Tied to the 20th anniversary of Bring It On, we hereby dub the next five days Teen Movie Week. Dig up your varsity jacket, pull up to your cafeteria table, and re-live your adolescence as we celebrate the best coming-of-age movies ever made.
The state of the cheerocracy was not always so strong.
Twenty years ago, Bring It On opened to middling reviews and just respectable late-summer box office numbers, the latest in a seemingly endless string of low-to-mid-budget, PG-13 high school comedies. (A year later, the parody Not Another Teen Movie sighed glibly at the trend.) Bring It On seemed easily dismissible as factory-made fluff, no different than the usual foray into lunchroom caste systems, humiliation comedy, and a little light romance. But months later, Bring It On was a DVD phenomenon. A few years later, it was spun off into the same direct-to-video cottage industry that was built around American Pie, which had been a much bigger hit for Universal the year before. (The one difference: Bring It On’s five sequels did not have a Eugene Levy quietly cashing checks.) Now it seems like only a matter of time until cults collide and the 2011 musical version of Bring It On: The Musical, with music and lyrics cowritten by Lin-Manuel Miranda, gets a Broadway revival.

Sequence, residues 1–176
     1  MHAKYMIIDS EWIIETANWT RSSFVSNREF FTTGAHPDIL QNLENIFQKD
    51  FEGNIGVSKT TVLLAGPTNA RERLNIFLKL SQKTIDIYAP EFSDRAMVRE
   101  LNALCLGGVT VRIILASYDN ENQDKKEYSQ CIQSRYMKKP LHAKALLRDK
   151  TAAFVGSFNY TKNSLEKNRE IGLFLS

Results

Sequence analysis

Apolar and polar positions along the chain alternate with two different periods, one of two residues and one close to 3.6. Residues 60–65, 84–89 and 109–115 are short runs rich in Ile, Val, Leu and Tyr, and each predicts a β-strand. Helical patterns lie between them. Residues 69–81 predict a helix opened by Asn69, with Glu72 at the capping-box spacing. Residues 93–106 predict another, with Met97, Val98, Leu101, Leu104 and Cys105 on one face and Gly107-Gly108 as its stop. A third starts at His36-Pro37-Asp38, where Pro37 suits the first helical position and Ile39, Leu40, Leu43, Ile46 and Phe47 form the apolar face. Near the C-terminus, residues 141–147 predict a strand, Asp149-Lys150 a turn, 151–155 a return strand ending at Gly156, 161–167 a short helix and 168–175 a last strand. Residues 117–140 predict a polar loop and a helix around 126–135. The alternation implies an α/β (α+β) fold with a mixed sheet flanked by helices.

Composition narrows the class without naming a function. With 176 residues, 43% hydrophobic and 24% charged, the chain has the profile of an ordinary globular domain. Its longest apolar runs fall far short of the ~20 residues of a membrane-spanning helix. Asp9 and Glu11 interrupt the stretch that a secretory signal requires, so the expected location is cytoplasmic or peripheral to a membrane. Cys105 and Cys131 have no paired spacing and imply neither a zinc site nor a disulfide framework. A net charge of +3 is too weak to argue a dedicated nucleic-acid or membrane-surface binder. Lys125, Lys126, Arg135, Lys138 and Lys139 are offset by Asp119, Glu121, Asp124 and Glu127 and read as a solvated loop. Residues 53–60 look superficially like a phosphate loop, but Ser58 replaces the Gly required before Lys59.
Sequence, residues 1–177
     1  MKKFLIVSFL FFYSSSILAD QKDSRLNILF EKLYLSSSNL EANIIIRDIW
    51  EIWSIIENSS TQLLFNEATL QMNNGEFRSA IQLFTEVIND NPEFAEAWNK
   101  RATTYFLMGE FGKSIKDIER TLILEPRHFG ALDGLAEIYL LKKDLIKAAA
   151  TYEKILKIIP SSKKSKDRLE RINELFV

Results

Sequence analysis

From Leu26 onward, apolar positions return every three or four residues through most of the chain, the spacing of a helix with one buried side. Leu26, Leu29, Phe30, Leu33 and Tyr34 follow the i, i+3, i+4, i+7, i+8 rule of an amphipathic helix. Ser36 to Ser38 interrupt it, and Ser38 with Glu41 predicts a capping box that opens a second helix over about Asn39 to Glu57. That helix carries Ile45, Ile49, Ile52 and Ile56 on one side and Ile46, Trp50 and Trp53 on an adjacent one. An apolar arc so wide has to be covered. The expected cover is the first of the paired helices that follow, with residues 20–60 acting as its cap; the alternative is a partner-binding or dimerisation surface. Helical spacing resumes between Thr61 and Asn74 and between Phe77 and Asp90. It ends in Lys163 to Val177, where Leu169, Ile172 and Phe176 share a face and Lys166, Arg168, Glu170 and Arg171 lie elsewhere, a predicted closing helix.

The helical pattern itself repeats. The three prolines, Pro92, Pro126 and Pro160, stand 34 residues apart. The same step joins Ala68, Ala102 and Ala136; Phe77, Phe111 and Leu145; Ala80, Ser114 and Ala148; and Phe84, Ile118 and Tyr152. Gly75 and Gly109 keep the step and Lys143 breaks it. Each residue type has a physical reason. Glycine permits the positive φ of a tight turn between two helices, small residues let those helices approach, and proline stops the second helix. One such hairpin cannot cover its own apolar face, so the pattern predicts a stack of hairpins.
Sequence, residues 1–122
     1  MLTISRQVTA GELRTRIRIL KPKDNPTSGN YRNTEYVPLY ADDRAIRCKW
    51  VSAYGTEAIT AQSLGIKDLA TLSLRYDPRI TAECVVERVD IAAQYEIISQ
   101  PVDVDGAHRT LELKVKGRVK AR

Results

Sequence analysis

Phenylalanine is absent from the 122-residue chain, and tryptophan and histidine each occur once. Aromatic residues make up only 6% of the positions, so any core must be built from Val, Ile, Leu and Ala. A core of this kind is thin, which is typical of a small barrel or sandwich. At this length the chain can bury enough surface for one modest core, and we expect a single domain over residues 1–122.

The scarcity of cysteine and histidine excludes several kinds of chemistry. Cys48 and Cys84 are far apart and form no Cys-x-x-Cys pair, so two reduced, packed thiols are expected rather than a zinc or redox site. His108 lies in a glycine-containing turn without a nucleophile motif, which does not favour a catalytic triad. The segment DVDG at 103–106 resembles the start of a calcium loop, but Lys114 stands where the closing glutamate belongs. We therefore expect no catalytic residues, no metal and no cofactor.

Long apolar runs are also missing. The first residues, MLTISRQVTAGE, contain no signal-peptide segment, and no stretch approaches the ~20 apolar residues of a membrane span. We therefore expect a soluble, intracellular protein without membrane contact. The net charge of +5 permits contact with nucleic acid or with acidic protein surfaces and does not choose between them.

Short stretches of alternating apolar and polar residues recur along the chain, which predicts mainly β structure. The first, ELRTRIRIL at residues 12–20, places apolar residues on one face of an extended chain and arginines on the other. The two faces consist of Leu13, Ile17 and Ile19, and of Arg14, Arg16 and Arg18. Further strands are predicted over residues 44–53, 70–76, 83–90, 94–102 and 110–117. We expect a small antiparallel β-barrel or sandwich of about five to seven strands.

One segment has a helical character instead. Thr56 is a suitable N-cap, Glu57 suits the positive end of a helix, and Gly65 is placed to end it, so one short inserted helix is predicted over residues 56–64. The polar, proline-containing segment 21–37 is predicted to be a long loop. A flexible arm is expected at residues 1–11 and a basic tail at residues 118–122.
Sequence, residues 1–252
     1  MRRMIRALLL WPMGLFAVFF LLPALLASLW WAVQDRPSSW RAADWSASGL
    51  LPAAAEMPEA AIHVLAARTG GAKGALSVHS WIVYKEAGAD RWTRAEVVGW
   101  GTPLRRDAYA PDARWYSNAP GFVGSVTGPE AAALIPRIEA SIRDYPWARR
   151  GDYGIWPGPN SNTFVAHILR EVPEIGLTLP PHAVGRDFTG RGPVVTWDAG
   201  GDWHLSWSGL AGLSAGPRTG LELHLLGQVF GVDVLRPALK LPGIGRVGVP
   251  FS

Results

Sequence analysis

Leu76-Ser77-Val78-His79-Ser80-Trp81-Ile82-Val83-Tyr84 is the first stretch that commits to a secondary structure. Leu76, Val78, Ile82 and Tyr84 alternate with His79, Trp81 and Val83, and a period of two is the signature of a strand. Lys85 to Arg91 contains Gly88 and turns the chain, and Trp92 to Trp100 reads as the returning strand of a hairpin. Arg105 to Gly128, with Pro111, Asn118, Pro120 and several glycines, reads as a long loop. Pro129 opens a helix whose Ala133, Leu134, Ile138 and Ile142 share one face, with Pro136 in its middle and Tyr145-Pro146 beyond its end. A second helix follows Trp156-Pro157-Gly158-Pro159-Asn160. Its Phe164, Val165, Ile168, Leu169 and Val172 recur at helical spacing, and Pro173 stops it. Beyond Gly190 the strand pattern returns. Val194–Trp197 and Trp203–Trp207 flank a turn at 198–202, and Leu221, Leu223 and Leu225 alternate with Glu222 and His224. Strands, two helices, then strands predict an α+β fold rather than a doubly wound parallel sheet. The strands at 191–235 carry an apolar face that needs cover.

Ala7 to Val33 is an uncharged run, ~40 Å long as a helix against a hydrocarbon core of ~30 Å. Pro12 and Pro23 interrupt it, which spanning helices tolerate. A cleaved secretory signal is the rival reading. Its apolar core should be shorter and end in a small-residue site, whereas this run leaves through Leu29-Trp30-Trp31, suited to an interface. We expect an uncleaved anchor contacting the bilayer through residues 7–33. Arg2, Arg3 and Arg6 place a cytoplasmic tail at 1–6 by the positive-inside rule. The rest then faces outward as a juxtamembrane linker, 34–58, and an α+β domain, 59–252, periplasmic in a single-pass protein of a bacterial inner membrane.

So what changed? It’s probably as simple as audiences assuming the worst of a teen comedy released in the dog days of August and slowly figuring out they were wrong. Bring It On wasn’t a radical break from end-of-the-century high school comedies, but it was simply better than them in every respect: bright, stylish, impeccably cast, and extremely funny, with the right mix of earnestness and irreverence in its approach to the world of competitive cheerleading. Working from an original script by Jessica Bendinger, first-time director Peyton Reed wrings all the laughs he can out of this combination of gymnastics, dance, and demented pageantry, but respects it as a sport of high stakes and true athleticism. The film also pivots on themes of cultural appropriation that not only seem unexpected in a cheerleader comedy, but remain pressing and pertinent 20 years later. Conversations about choreography fit right alongside conversations about white privilege.